The Phillips Collection. (n.d.) Noland - Biography. Retrieved from

Wilkin, K. (2010, March). Kenneth Noland, 1924-2010. Art in America, 98(3), 176.

Wolfe, J. (2018). Kenneth Noland artist overview and analysis. Retrieved from

Kenneth Noland - Turnsole

Kenneth Noland's Turnsole [Artwork]. (1958). Retrieved from

Kenneth Noland - Tide

Kenneth Noland's Tide [Artwork]. (1958). Retrieved from

Kenneth Noland - Earthen Bound

Kenneth Noland's Earthen Bound [Artwork]. (1960). Retrieved from

More Washington Color School Artists to Explore

The following list includes further individuals associated with the Washington Color School. The annotated bibliography (seen below) provides resources to help you with any further research on the six featured artists, as well as the artistic figures on this list.

  • Leon Berkowitz (Artist)
  • Thomas Downing  (Artist)
  • Helen Frankenthaler (considered a huge influence to many of the Washington Color Painters)
  • Clement Greenberg (Primary critic/advocate for the movement)
  • James Hilleary  (Artist)
  • Howard Mehring  (Artist)
  • Mary Pinchot Meyer  (Artist)
  • Jackson Pollock (another influence on the Washington Color Painters)
  • Cornelia Noland (Artist)
  • V. V. Rankine (Artist)
  • Paul Reed  (Artist)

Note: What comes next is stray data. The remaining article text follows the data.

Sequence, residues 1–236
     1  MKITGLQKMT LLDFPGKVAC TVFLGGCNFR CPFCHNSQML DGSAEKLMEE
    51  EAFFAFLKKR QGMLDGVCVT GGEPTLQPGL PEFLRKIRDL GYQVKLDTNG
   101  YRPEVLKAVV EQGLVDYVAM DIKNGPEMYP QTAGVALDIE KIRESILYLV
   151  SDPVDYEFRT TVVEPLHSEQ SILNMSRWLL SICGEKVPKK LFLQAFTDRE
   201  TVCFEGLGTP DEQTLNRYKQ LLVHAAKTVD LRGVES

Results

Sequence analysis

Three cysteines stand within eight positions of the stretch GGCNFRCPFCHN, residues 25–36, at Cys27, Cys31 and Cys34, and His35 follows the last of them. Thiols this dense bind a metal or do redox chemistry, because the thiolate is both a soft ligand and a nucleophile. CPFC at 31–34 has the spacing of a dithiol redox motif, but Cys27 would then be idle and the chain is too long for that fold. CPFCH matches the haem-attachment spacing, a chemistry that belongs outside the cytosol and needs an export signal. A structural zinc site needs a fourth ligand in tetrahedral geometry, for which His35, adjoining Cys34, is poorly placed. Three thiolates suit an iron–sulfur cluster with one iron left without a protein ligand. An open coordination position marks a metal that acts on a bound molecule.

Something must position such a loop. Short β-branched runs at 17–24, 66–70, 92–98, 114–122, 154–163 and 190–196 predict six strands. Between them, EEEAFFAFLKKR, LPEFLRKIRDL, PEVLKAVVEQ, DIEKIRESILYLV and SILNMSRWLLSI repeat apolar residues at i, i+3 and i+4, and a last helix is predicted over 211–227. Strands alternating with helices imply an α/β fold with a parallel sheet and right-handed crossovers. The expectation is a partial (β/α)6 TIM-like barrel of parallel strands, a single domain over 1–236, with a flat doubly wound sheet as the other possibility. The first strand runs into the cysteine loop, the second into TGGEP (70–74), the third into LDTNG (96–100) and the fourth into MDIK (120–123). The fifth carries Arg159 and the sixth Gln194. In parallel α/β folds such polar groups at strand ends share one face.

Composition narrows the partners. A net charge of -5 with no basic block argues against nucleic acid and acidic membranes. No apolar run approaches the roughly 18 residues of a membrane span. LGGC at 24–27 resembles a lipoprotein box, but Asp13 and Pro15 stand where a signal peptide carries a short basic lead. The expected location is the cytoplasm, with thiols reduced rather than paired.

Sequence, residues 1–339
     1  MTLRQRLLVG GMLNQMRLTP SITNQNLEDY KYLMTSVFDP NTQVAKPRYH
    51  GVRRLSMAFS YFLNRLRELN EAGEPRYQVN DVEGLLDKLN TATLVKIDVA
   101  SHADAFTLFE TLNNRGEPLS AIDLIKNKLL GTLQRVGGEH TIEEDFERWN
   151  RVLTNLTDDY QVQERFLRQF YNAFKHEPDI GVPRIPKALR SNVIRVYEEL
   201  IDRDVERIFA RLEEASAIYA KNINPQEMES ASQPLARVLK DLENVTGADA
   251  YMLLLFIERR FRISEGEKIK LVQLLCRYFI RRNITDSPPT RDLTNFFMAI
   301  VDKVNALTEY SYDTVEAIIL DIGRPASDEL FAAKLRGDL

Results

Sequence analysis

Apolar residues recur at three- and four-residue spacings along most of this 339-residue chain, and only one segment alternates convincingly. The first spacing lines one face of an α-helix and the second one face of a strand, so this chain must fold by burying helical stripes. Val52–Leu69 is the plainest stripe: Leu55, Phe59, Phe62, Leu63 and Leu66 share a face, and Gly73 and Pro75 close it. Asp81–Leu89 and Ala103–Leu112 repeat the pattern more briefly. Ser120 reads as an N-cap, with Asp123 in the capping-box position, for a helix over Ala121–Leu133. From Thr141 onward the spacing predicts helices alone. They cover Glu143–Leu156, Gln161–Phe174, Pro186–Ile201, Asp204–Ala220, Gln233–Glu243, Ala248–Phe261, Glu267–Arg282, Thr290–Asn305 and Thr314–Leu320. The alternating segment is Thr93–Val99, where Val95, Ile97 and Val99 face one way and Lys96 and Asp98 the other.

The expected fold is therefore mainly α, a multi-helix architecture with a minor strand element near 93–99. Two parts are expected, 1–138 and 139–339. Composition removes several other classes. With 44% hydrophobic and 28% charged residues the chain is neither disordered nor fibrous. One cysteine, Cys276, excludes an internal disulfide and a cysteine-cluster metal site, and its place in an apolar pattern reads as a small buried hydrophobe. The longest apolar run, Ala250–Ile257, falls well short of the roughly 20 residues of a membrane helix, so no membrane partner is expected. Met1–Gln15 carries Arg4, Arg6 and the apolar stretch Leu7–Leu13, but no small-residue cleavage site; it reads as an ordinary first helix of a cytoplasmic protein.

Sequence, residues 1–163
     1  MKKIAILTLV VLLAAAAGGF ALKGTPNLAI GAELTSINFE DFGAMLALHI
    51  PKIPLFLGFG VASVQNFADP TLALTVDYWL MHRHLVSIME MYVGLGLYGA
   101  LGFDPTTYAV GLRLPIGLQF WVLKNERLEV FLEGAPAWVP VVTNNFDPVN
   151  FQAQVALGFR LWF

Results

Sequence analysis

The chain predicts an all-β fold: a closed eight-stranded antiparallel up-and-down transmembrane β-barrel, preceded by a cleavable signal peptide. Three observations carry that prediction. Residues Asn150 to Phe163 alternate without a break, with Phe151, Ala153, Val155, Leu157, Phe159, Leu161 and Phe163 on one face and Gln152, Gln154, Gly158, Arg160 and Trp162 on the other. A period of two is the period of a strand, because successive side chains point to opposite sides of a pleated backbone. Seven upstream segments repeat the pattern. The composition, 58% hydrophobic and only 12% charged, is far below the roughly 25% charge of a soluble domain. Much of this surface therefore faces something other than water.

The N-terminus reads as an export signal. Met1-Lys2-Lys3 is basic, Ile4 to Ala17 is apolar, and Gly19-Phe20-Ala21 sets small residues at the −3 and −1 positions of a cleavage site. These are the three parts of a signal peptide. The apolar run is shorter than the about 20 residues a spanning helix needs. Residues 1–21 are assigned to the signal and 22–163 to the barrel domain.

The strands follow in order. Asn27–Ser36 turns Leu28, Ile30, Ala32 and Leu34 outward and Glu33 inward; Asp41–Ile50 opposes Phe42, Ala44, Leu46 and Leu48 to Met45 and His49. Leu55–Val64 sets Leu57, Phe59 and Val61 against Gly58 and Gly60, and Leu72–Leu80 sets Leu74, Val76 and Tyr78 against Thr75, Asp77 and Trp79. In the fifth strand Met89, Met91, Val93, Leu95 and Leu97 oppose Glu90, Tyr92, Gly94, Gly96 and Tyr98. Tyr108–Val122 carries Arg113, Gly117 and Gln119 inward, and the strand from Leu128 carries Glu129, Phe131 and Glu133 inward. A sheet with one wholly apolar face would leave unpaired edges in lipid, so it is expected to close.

• Willem De Looper (Artist)

Alma Thomas

Alma Thomas (1891-1978)

Alma Thomas was born in Columbus, Georgia in 1891. She was raised in Washington, D.C., where her parents moved in order to escape the Jim Crow laws of the South. Notably, Thomas was the first to attain a Fine Arts degree from Howard University, followed by a Masters in arts education from Columbia University (Wilkin, 2016). 

After receiving her graduate degree, Thomas taught art to Washington D.C. school children for over 30 years. During this time, she did little painting on her own time. However, during her time as a teacher Thomas "took part in African-American 'artists' salons' in Washington in in the 1940s, and helped organize one of the city's first commercial galleries to show the work of African-American artists" (Wilkin, 2016). 

Thomas began seriously painting after her retirement as a schoolteacher, and when Howard University proposed featuring her artwork in a retrospective, she expressed interest in producing new artwork for the exhibit (SAAM). Therefore, the most influential and well-known of Thomas' paintings were created later in her life.

Although Thomas progressed to painting in acrylics on large canvases, she continued to produce many watercolors that were studies for her paintings. Thomas's personalized mature style consisted of broad, mosaic-like patches of vibrant color applied in concentric circles or vertical stripes. Color was the basis of her painting, undeniably reflecting her life-long study of color theory as well as the influence of luminous, elegant abstract works by Washington-based Color Field painters such as Morris Louis, Kenneth Noland, and Gene Davis. (SAAM)